The snow was picking up outside.

I could try writing without the candles
going but I swear, Em, I don’t think I can
write my songs any other way.

Then don’t blow the candles out,
she said. It probably wouldn’t be right.
But this man, do you have any idea who he
might be?

I’m not sure that He’s a man
Laura said. And then she was silent
for a while. She didn’t sip her drink she
simply gazed

At the floor.

Silences were part of their relationship.
The snow being blown against
the window was sound enough to make
Emmie feel at home.

But something did disquiet her.
The man wasn’t real. Laura didn’t claim
she saw him looking in through her window.

It was Laura’s aloneness, that’s what it was.

Emmie looked at her poster of Bobby, a man
she had never met
but often thought about.

Her parents were Republicans so
she wasn’t sure why she was drawn
to him. She didn’t think that it was an act
of rebellion.

Looking at Laura gone quiet
she thought how there were men who were mysterious,
men who saw things. In history class all of
the visionaries

They were men.

-Jeremy Nathan Marks

Basketball practice

Basketball practice

Practice could be grueling some days
especially when the coach set out to make
an example

Of certain players.

Lucky never had any trouble learning
plays so the coach liked him

And the fact that he could hit
a baseline jump shot practically every time
he attempted one

That didn’t hurt either.

But there always was a player or two
who caught a pass and fumbled it or dribbled
the ball off of his shoe

And the coach had high expectations
of his varsity players. There was one in particular
a center he did not like

He called him an oaf because
while the kid could read a play book he had trouble
seeing the pivots move

In real time.

He was always out of position
and appeared obsessed with being caught for six
seconds beneath the hoop on offense

I’ve seen about enough
the coach spat out in disgust and took the ball
and said if he didn’t learn how to get open

Everyone was going to run suicides
up and down the court
for a full twenty minutes

At the end of practice.

Lucky knew what this meant:
either his own knees would lock

or his fellow players would fill
the poor kid’s locker with garbage before
the next practice

Most likely both.

-Jeremy Nathan Marks

The male cardinal

The male cardinal

When I am playing
she said
especially when I am composing

I see a man
His face appears and the room
grows dark

She took a sip from her drink
and tried to get comfortable in the window
seat. She looked at the poster Emmie had on her
wall of Bobby Kennedy

Dead three years.

What does he look like, Emmie asked
and took a sip of her drink too
then folded her pale hands in her lap.

That’s just it, I can’t see him now
He disappears when I am not in my room
He eludes me unless I play

He –this man- is playful that way
or devious.

Emmie considered this
and asked if she still preferred to write
songs at night with candles lit

Laura said yes
and Emmie considered this too
while the snow kept falling just beyond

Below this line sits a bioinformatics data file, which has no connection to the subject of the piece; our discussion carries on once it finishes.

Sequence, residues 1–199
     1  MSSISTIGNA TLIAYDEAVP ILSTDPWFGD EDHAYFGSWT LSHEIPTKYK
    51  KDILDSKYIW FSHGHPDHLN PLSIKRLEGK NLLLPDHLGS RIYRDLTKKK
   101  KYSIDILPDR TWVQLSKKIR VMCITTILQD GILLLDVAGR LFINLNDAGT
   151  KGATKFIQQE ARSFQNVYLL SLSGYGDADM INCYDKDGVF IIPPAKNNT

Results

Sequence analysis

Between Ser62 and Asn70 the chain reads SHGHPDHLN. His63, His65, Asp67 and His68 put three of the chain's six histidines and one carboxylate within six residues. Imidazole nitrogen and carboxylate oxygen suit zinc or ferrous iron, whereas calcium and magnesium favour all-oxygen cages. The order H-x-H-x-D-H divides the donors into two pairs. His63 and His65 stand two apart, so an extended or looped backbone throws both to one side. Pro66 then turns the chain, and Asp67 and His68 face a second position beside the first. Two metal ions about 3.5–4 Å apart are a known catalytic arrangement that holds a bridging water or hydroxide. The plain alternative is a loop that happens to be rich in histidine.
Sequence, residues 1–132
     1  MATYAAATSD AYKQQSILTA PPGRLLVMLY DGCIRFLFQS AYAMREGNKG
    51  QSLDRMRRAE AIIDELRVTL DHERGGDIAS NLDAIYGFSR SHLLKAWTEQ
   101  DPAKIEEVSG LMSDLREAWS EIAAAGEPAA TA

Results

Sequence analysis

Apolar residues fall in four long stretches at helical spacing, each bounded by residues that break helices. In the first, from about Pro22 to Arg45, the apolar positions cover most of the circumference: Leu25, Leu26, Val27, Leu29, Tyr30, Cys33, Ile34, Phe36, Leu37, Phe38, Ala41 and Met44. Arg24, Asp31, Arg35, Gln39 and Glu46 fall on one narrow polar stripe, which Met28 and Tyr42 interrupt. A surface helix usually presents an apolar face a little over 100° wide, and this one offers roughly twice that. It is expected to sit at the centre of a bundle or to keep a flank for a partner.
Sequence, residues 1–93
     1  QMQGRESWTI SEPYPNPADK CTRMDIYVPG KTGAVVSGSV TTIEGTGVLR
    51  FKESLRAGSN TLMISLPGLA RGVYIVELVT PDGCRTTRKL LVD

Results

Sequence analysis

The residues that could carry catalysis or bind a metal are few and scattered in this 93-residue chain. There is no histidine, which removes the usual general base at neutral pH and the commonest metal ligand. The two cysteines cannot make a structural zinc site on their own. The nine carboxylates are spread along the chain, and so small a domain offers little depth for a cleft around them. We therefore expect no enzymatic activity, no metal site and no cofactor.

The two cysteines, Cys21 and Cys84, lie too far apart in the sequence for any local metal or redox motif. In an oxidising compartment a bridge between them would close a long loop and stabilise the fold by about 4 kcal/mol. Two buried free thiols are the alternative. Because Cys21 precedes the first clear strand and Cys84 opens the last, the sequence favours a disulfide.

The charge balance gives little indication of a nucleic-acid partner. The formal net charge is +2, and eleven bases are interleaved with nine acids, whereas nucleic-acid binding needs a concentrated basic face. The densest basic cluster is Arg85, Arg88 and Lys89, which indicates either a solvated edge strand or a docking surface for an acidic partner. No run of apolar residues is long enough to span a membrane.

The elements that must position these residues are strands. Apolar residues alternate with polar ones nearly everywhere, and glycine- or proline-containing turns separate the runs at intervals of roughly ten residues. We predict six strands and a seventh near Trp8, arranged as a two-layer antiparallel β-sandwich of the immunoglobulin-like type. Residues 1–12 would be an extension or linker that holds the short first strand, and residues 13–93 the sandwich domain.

Laura’s dark hair through the trees

A male cardinal landed on
a maple branch and looked like
he was listening

Practically perched on Laura’s shoulder.

-Jeremy Nathan Marks

Eggnog instead

Eggnog instead

Emmie opened the door and watched
Laura brush snow from her black frock coat
and hang her scarf on the hook by the door

She had a mug of tea in hand
but commented that her mother had also made eggnog
Laura said that sounds even better

They went to Emmie’s room
which faced the street. Laura could look
out over the spruces in the neighbor’s yard
across the street

And almost see her house.

-Jeremy Nathan Marks

The diary

The diary

Her mother did not know that she kept
a diary and by her window

It was a small, red book
brilliant one gray morning when branches
knocked against window glass cold as

The view obscured by frost.

She did not read it
but its appearance startled her-
it was so conspicuous.

-Jeremy Nathan Marks

Have tea, play records

Have tea, play records

The snow came early that quiet autumn
it was not an election year

There was a foot on the ground
by Thanksgiving and their neighbors
lit their lights the day after

Laura watched snowflakes gather
on the sidewalk when Emmie called to
say she wanted to have tea

And play records
while her mother dressed the tree.

Would they be alone
she wanted to know and Emmie
said yes, that Lucky had basketball practice

And her father was out of town.

Laura felt but did not say
that she could not bear a male
presence that night. Lucky was different
she knew that

But lately the things that she
had been seeing while alone and

Needed a warm hand
to hold and be held and young men did not
know how to do that

Not now. Not yet.

-Jeremy Nathan Marks


My wife and I have been talking about names and how you go about naming your children. It’s a funny thing to think that you stick your child with a handle that they will likely have all of their lives. In fact, the more I think about it the more I am struck by what a serious thing it is to name anything in the first place. It’s an audacious act.

But on a less serious note: